A birthday present from my godfather, who wrote that he felt he had, occasionally, neglected to uphold his duty to see that I got a "proper classical education". The setup to this joke is, much like the book itself, a part greater than the sum of the whole. If you, like me, are anything from privately educated, to a graduate of a Humanities discipline, or a major history nerd, then it is likely that nothing in A Classical Education will be new to you - the names, the concepts, probably even a few A birthday present from my godfather, who wrote that he felt he had, occasionally, neglected to uphold his duty to see that I got a "proper classical education". The setup to this joke is, much like the book itself, a part greater than the sum of the whole. If you, like me, are anything from privately educated, to a graduate of a Humanities discipline, or a major history nerd, then it is likely that nothing in A Classical Education will be new to you - the names, the concepts, probably even a few of the terms and ideas, will be quite familiar from your school days, or from things you read yourself as a nerdy young'un. However, the book does make for a handy, snappy, easy to read little repository of the key ideas and people, with a nice factual breakdown and some occasional moments of levity to liven up the dryer bits. However, there is a particularly good turn by Taggart in her Introduction; while it's pretty standard to explain why your book exists (especially books like this which, arguably, need to work a bit harder to justify themselves than many), she does a good job of tackling the bigger question of Graeco-Romano-centricity in Western ideas of the 'Classical'. She doesn't particulary take sides on the idea, but acknowledging the reality of how narrow a viewpoint this can be, whilst also pointing out why it still exists and why it can still be useful, is a very nice touch, and one I appreciated. Overall, not a must-have book for someone who is already something of a clacissist - but for someone just beginning to explore those ideas, especially a younger someone (say, between a precocious 10 and a recalictrant 20), it might make for, if not a complete education, at least an enjoyable introductory seminar.

  23. 4 out of 5

    Sarah Parker

    This is marketed as a book that contains all of the things you wish you’d been taught in school, but only the things that constitute a “classical education”. I don’t know whether it was just the education that I had, but I found that I knew a lot of the things that were being taught. The book focuses mainly on the Greek and Roman empires, and the different things they both contributed to the world we live in today. Things like language, and mathematics, and science, and philosophy. These all mak This is marketed as a book that contains all of the things you wish you’d been taught in school, but only the things that constitute a “classical education”. I don’t know whether it was just the education that I had, but I found that I knew a lot of the things that were being taught. The book focuses mainly on the Greek and Roman empires, and the different things they both contributed to the world we live in today. Things like language, and mathematics, and science, and philosophy. These all make an appearance in these chapters. So, if you already know enough about a number of topics then you might find that this book is just retelling you what you already know. If you’re new to the subjects, then it’s quite interesting. The book is written in quite a casual, friendly tone, with the author sometimes taking us on little tangents when they occur in the topic. This helps the book to feel less like a lecture and more like a friendly guide that someone has written. The topics are clearly set out and follow on from each other in a way that is both logical and easy to follow. While it’s not the most in depth book written about the Greek and Roman empires, it’s a good introduction for anyone who has never had cause to learn about them before.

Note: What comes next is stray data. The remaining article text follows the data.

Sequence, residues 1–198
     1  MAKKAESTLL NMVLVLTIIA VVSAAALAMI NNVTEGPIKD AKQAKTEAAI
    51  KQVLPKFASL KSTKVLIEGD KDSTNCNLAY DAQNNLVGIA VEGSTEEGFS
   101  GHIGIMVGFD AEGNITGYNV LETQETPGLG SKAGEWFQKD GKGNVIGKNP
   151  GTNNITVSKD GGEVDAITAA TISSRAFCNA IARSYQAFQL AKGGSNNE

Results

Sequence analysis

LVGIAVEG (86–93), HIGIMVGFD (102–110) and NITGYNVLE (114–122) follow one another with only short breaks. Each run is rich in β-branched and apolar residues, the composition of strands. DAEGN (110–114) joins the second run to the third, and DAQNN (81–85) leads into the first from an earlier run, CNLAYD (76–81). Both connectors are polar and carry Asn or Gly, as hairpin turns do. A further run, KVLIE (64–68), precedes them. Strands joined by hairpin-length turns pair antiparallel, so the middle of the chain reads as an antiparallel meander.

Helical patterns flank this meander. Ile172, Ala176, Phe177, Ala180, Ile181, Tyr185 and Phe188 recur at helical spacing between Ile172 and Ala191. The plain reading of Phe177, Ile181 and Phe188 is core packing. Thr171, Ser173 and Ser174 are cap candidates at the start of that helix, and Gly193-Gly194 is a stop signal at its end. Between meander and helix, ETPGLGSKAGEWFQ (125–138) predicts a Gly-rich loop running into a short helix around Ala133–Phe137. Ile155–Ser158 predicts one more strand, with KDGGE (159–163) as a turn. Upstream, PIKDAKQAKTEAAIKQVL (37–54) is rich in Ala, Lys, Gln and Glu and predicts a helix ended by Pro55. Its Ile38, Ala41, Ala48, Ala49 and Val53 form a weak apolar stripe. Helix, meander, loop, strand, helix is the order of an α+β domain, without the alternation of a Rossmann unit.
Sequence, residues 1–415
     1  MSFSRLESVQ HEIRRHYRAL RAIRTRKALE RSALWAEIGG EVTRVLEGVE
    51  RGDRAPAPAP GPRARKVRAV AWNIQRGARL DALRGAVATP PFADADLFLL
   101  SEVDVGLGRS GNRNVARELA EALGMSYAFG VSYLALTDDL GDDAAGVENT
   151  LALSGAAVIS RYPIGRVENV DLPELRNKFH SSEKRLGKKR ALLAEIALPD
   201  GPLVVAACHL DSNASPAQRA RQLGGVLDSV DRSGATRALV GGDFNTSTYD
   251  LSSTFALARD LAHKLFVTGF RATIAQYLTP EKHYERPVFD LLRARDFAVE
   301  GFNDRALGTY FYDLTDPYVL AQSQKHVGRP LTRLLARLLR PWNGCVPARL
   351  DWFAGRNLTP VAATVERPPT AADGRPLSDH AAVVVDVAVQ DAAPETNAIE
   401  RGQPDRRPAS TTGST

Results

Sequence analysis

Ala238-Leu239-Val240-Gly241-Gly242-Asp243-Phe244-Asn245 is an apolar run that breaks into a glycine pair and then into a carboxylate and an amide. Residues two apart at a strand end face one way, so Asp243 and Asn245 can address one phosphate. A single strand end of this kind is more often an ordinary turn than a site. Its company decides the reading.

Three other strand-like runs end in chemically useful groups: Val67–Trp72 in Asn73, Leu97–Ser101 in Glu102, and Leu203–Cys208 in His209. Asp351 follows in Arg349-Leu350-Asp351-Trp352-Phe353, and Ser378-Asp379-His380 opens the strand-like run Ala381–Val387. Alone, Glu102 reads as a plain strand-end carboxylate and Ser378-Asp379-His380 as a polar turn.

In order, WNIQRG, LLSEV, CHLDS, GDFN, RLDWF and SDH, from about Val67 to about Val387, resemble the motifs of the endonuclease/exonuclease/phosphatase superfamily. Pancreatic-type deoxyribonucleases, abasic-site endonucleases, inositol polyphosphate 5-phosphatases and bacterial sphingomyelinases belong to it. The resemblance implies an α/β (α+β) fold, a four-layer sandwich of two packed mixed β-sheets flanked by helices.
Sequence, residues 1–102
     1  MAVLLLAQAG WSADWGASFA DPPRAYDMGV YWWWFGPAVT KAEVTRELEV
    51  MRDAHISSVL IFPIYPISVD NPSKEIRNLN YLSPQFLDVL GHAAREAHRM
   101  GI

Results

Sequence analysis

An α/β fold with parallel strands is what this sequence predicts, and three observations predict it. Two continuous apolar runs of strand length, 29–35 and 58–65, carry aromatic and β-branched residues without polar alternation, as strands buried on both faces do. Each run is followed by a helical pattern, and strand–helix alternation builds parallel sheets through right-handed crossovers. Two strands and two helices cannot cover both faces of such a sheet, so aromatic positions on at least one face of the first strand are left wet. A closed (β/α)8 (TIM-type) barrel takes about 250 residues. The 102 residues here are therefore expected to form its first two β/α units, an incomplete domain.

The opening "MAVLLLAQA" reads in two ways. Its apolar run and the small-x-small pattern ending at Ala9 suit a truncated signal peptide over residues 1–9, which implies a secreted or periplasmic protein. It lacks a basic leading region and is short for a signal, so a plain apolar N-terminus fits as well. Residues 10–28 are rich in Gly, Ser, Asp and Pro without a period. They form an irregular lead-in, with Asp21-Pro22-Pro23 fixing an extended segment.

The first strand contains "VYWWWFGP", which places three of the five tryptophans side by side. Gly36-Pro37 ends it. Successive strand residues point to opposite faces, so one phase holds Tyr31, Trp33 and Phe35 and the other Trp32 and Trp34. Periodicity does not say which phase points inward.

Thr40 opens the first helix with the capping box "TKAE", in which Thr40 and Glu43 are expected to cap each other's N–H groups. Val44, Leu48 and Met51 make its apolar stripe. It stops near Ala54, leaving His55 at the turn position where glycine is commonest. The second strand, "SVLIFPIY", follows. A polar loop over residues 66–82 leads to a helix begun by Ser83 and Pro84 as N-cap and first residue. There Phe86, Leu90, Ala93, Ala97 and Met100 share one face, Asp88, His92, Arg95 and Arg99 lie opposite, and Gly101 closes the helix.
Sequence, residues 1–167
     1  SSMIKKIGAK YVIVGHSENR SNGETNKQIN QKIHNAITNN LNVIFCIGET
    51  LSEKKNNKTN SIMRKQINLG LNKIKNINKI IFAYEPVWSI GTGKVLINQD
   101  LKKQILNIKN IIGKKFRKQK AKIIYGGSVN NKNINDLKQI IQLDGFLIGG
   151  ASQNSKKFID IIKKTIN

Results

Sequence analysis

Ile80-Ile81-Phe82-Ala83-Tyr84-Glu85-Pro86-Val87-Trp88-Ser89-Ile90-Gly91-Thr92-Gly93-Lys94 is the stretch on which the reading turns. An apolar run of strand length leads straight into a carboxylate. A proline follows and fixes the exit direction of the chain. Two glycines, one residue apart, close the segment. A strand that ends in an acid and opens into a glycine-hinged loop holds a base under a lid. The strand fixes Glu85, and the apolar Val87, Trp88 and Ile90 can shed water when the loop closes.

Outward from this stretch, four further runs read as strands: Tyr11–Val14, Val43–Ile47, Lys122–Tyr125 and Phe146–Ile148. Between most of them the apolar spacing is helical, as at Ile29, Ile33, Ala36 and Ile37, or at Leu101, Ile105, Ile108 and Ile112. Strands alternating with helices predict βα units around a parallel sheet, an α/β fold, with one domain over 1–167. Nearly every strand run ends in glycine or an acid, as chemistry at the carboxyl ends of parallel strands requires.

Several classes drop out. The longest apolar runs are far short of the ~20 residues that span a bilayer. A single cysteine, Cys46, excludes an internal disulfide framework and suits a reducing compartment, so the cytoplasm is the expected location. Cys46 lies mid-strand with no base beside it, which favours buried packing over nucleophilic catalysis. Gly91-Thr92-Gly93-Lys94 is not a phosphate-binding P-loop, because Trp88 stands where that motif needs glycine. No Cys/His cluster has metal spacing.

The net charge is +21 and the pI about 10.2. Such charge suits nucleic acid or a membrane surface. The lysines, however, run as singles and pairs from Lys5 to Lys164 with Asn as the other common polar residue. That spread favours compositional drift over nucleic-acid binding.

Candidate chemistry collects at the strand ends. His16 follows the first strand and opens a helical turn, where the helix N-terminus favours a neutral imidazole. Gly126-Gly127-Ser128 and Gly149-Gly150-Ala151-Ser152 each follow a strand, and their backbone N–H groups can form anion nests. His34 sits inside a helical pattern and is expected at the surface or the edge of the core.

24. 4 out of 5

    Sandy Morley

    A Classical Education somehow manages to never cover more than a cheat sheet in 193 pages. It's condensed enough to never go into detail, but still not concise enough to even highlight a few passages. Infinitely put-down-able. The author also has a horrible penchant for informing the reader that something is very bloody interesting, without ever going into detail or explaining why it might be so. It's a little unfair to call it a slog, but only a little. The feeling that you're barely scratching th A Classical Education somehow manages to never cover more than a cheat sheet in 193 pages. It's condensed enough to never go into detail, but still not concise enough to even highlight a few passages. Infinitely put-down-able. The author also has a horrible penchant for informing the reader that something is very bloody interesting, without ever going into detail or explaining why it might be so. It's a little unfair to call it a slog, but only a little. The feeling that you're barely scratching the surface is consistent and irritating, particularly when the author constantly refers to other parts of the book, sometimes several times a page, as if they include what you need to know. It's not a mark in her favour that I learnt with greater depth in the very schools she insists don't teach the subject and I absolutely hated. Nevertheless, it's not a *bad* read. I just can't find enough to recommend it to anyone that has even a passing knowledge of Ancient Greece or Rome.